Ford said the Ranger raises the bar in this globally competitive segment and offers the most "high-tech product" in its class, the result of the capability of its all-new family of engines that bring increased performance and fuel economy, a new six-speed transmission, gains in quality and new technologies that improve ride and handling and safety.

"We looked at the evolving needs of this buyer and made it more sure-footed and cutting-edge," Hinrichs said. "The new Ranger has more precise steering, ride comfort, new side curtain airbags, electronic stability control, emergency brake assist, trailer-sway control and the segment’s first rearview camera system. We also know that fuel economy is a reason to buy.”

Hinrichs identified Toyota’s Hilux as the top competitor to the Ranger in Australia. The new model also has the segment’s deepest water-fording depth.

Pickup trucks (combined two-wheel and four-wheel drive) are the second-best-selling segment of the market in Australia after small cars, offering Ford a significant growth opportunity, though Ford executives declined to project numbers for Australia and global sales.

Key competitors and their year-to-date (September) sales volume in Australia are Toyota Hilux (30,127); Nissan Navaro (15,932); Mitsubishi Triton (12,384) and the Holden Colorado (10,380). The Ranger has sold 10,925 units in 2010, and since 2007 about 52,000 Rangers have been sold. (Total Courier sales since its introduction were 110,528.)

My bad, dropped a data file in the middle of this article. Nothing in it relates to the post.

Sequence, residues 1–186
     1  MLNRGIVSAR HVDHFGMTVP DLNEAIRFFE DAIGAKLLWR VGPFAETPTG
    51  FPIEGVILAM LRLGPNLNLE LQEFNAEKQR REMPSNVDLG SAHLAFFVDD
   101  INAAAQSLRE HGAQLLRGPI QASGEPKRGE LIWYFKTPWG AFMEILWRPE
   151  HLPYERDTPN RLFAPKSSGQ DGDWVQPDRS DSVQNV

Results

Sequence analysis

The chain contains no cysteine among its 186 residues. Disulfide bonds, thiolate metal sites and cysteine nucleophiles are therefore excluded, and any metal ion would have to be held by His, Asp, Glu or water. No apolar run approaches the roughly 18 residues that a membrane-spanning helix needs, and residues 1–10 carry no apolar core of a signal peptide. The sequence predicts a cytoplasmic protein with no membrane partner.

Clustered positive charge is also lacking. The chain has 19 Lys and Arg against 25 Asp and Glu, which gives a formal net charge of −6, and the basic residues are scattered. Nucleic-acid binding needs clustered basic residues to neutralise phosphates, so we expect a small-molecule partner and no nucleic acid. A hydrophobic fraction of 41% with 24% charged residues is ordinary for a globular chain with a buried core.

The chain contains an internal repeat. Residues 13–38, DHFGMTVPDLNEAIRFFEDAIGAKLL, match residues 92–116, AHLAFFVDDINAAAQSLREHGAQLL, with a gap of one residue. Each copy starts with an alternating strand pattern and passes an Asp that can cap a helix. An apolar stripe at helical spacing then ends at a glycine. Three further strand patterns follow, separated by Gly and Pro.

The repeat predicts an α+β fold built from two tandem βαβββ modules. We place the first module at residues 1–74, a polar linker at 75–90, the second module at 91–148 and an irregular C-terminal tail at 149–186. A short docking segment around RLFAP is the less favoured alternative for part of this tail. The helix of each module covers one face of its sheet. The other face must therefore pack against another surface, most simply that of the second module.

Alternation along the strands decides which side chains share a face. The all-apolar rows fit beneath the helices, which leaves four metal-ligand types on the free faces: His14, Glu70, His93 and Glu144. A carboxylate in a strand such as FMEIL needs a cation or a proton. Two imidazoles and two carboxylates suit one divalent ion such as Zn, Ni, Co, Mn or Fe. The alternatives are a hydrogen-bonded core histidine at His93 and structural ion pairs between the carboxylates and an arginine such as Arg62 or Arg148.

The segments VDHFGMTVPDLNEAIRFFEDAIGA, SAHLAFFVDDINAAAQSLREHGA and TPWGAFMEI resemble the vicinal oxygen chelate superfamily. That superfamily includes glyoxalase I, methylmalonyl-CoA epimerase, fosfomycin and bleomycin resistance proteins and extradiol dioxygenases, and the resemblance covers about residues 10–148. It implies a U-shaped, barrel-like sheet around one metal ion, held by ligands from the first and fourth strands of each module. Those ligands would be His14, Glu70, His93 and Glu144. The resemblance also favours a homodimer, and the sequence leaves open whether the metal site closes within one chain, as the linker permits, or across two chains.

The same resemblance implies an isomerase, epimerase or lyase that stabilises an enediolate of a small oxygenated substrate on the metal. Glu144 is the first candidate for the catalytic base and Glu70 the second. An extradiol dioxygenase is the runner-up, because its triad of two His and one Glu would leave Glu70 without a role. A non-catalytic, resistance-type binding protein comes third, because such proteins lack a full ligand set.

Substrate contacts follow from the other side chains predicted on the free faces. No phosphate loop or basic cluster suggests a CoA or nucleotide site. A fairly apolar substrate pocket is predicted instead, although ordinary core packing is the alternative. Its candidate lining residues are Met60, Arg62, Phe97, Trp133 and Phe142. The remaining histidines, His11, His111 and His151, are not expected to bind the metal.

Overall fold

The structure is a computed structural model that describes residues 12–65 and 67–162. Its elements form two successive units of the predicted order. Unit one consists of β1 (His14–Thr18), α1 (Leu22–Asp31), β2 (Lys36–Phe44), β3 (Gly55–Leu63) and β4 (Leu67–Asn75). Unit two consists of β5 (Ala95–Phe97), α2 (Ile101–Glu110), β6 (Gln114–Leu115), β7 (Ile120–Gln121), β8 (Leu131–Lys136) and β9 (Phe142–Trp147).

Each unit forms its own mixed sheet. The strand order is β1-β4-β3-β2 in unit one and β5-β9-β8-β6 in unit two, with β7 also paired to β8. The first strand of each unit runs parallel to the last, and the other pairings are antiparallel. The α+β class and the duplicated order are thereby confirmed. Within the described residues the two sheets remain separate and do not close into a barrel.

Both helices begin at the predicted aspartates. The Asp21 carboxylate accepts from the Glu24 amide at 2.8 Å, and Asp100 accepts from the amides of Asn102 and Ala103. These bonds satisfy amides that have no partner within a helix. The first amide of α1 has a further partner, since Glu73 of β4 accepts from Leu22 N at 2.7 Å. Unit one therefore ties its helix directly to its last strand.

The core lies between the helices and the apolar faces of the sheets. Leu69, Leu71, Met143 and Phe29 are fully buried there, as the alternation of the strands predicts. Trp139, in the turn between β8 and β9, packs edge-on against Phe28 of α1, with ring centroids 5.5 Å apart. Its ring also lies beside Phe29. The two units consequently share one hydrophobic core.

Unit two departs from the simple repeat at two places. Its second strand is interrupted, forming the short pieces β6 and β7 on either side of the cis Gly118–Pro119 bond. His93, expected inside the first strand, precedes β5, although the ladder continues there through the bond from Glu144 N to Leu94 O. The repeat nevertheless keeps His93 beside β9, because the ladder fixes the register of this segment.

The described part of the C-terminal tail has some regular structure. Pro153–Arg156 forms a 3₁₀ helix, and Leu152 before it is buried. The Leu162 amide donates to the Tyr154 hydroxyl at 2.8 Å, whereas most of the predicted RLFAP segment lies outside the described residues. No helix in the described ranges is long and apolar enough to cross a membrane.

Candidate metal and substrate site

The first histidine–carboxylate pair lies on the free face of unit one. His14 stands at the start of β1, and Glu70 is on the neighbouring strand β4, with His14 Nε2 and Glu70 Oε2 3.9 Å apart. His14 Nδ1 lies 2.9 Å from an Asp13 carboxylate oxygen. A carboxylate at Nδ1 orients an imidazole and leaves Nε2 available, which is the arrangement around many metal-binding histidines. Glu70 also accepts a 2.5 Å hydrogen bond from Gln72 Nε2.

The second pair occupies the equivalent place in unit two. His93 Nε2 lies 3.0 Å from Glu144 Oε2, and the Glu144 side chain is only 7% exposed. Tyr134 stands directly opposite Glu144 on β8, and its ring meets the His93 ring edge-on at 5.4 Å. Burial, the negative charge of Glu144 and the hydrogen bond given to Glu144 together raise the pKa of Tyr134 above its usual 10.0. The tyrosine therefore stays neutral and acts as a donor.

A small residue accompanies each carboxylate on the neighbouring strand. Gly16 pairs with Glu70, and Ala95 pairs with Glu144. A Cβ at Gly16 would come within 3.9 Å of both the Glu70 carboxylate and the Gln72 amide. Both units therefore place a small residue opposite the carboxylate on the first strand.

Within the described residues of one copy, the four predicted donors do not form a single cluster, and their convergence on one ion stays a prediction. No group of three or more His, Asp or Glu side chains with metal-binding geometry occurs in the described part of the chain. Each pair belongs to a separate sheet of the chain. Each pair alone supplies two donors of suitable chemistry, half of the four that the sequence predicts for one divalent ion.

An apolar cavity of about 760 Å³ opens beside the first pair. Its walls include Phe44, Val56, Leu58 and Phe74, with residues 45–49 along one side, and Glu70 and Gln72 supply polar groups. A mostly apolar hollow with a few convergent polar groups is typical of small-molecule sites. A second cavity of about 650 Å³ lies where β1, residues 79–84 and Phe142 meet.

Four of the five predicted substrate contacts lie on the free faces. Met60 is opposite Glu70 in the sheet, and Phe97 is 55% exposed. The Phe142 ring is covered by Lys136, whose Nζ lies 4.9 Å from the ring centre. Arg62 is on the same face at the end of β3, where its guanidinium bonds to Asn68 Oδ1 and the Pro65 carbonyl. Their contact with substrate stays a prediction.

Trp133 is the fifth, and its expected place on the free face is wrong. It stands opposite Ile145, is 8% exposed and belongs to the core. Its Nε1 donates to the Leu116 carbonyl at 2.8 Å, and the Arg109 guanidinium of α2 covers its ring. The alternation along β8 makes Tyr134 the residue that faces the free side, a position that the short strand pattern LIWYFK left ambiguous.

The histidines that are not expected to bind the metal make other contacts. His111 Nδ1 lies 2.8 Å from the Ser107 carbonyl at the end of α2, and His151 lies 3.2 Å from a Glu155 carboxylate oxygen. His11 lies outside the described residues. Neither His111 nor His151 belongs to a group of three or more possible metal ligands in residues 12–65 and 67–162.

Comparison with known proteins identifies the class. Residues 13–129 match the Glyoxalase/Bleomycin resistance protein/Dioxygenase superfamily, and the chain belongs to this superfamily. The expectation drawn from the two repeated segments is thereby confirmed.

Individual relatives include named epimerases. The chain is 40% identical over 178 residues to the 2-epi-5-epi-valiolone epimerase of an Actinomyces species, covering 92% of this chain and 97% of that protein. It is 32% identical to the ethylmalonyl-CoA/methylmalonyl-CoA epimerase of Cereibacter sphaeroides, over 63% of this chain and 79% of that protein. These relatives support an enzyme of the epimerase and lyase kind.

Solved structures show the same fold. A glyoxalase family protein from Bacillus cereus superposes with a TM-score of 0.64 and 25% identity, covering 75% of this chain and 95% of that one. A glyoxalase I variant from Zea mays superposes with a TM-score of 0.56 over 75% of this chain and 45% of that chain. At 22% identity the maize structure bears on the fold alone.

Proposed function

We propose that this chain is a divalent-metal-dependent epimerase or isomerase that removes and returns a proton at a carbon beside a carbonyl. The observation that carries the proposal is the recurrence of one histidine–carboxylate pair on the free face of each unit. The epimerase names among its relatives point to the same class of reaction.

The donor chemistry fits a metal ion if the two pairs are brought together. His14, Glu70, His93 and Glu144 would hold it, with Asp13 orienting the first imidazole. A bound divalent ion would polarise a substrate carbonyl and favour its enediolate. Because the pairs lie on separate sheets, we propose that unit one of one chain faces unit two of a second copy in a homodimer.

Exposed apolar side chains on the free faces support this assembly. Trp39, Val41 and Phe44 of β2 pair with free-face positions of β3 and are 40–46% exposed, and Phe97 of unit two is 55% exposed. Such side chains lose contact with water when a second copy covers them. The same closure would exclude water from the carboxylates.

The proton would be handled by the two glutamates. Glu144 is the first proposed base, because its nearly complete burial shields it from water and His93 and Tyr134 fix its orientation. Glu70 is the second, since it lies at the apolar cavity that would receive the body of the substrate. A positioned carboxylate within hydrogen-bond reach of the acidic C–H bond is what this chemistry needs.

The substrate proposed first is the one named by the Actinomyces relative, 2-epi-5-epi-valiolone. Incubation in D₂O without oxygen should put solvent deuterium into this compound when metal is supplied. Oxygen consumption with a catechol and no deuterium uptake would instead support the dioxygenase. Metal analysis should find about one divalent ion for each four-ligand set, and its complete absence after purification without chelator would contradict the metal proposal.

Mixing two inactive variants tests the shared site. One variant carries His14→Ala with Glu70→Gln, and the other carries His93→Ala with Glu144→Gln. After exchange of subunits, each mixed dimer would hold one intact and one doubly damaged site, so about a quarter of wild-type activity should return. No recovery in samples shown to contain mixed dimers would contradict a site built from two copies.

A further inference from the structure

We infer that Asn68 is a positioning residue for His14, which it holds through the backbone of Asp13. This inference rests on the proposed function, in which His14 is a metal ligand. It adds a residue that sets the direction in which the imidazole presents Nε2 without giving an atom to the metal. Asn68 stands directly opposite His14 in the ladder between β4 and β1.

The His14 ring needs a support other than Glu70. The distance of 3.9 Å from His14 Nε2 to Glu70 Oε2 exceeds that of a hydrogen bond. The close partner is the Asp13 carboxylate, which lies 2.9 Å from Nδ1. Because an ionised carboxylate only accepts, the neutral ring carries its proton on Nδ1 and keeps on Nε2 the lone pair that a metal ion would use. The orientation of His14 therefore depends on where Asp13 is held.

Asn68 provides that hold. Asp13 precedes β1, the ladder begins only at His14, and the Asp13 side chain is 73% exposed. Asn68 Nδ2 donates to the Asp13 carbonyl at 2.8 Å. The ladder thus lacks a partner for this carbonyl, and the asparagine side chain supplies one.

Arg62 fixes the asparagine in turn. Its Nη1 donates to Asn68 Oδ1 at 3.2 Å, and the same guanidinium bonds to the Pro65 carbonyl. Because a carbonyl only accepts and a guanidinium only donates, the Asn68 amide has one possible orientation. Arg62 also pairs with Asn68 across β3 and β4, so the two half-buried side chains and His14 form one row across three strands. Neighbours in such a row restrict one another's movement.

Ford calls the introduction of the 2011 Ranger a “rolling launch” for revealing information to the press and buyers. The Blue Oval chose Australia for the Ranger's first unveiling, but it has declined to disclose many specifications, including horsepower, fuel economy and pricing. A staggered model launch in the second half of 2011 will limit opportunity to grow, but Ford expects that 2012 will be the big year for growth of the Ranger globally.


As the 2011 Ranger’s outside dimensions have grown, the new platform has created a roomier interior and easy access into the new truck. It has more shoulder and second-row legroom and comes with seating for up to five, depending on the model. The cabin has been restyled with a more contemporary look, with higher levels of craftsmanship, modern materials and more features. It is also set up to be more driver-oriented.

“It’s a hard-working truck designed to make its hard-working owner proud,” said chief designer Craig Metros, a 24-year Ford veteran who has played a significant role in Ford pickup design around the world. “It’s not often in the pickup truck world that designers get the opportunity to re-invent a vehicle from the ground up”.

Metros, who served as design chief for the Ford F-150 light-duty pickup in North America, led the Australia-based design team. He describes the new Ranger's design as “21st Century Tough. It’s the result of a design process that answers pickup truck owners’ wants and expectations from all around the world. We explored a bandwidth ranging from Ford North America’s very traditional and much-liked F-Series to influences from Europe’s very successful kinetic design language.”


The Ranger is often used as a sport pickup in Europe, Metros says. Therefore, top-of-the-range Limited and Wildtrak models are tailored with leather interiors, larger wheels and many features typically found on luxury cars.